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Daily View: Iran's new weapon

Clare Spencer | 09:59 UK time, Tuesday, 24 August 2010

Commentators react to Iran's unveiling of an armed aerial drone - a day after the start-up of its first nuclear power plant.

Iranian President Mahmoud Ahmadinejad delivers a speech during the unveiling ceremony of a long-range droneIn the Atlantic Jeffrey Goldberg predicts that Iran's increase in weapons will lead to an Israeli strike on Iran, supported by permission by the US to fly over Iraqi airspace taken by US aircrafts:

"For the Obama administration, the prospect of a nuclearized Iran is dismal to contemplate - it would create major new national-security challenges and crush the president's dream of ending nuclear proliferation. But the view from Jerusalem is still more dire: a nuclearized Iran represents, among other things, a threat to Israel's very existence... I am not engaging in a thought exercise, or a one-man war game, when I discuss the plausibility and potential consequences of an Israeli strike on Iran. Israel has twice before successfully attacked and destroyed an enemy's nuclear program. In 1981, Israeli warplanes bombed the Iraqi reactor at Osirak, halting - forever, as it turned out - Saddam Hussein's nuclear ambitions; and in 2007, Israeli planes destroyed a North Korean-built reactor in Syria. An attack on Iran, then, would be unprecedented only in scope and complexity."

In response Marc Lynch in the Atlantic discounts Jeffrey Goldberg's argument, saying it ignores the context:

"[T]he whole discussion of an Israeli or American strike against Iran seems to take place in an historical void, as if we have not just lived through the brutal, griding experience of a war chosen and sold on shaky grounds. I would hope that the lessons of Iraq will not be so easily forgotten.... When offered the hope that an air strike would quickly take out Iran's nuclear facilities without significant retaliation, we should remember that it is at least as likely that the attack would escalate to war, leading the U.S. to be dragged down into a new hell of occupation and regional conflagration."
Gary Hart argues in the Huffington Post that predictions that the US may bomb Iran may have been hasty:
"Bombing a sovereign nation is a de facto declaration of war. Our Constitution requires the Congress, not the President, to declare war. Simply because we have launched a number of wars without a Congressional declaration does not mean the Constitutional requirement has been suspended... This is not an argument for 'doing nothing', the standard retort of the eager bombers. We have at least a year, and probably more, to weigh Iran's nuclear capabilities and intentions, and to rally regional and global opposition to them."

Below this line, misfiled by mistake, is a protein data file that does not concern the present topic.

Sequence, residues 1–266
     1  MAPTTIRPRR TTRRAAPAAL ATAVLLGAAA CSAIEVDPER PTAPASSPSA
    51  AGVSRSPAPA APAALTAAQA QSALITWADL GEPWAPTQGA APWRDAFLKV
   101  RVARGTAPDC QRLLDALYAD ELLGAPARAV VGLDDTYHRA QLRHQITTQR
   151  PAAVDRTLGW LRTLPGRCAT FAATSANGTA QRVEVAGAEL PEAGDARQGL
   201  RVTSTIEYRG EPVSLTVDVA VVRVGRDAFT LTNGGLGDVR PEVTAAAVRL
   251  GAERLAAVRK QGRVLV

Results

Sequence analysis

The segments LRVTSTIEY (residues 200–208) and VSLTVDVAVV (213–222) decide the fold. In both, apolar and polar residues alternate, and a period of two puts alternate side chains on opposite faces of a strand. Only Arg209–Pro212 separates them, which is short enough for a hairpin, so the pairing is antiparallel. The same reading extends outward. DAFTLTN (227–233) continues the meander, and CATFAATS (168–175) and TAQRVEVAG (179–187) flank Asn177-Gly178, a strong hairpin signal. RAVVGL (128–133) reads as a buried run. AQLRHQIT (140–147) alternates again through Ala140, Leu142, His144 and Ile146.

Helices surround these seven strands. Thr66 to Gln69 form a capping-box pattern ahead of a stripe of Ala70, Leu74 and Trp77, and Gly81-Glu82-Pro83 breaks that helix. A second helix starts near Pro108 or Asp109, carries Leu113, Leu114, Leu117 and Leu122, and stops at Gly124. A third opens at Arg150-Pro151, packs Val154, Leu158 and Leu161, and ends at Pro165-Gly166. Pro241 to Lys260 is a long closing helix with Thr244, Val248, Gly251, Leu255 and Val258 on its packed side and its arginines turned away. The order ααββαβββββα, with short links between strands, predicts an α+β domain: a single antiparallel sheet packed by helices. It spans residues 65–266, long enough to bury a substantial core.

The British press takes the new weapons less seriously; in the Independent Tom Sutcliffe laughs at the unveiling ceremony:

"There was, for one thing, the odd disjunction in the presidential rhetoric, with President Ahmadinejad insisting that his cruise missile had a 'main message of peace and friendship' while simultaneously claiming that it was an 'ambassador of death'. One hopes that radar will be able to discriminate between its approach in friendly messenger or murderous ambassador mode. Then there was the fabulously amateurish nature of the stage setting from which he made his announcement, with its wrinkled backdrop and its lumpy am-dram cardboard clouds, propped in the foreground to conceal the rigging that was holding the weapon up. Even the thing itself looked a little risible - a garage-built Thunderbird scattered with rose-petals. It was all very mouse-that-roared.
"How entertaining you find this joke depends, of course, on how close you live to Iran. It probably loses quite a bit of its comedy anywhere within the 620-mile range of 'The Striker'."

In the Times Hugo Rifkind makes a mockery [subscription required] of the unveiling, pointing out the contradictions:

"He was standing next to the bomber at the time, you see, and he'd had it scattered with rose petals. No, really. Rose petals. As if he wanted to sleep with it. Where have all the flowers gone? Mahmoud Ahmadinejad nicked them to decorate Iran's answer to Trident. We're talking rose petals, here. On a thing created to drop bombs. He'll be making it wear a nightie, next."

Links in full

Jeffrey Goldberg | Atlantic | The Point of No Return
Marc Lynch | Atlantic | Striking Iran Is Unwarranted, and It Would Mean Disaster
Gary Hart | Huffington Post | Matters to Consider Before Launching Another War
Hugo Rifkind | Times | The bomb? I wouldn't trust Iran with scissors
Tom Sutcliffe | Independent | Flower power and missiles don't mix

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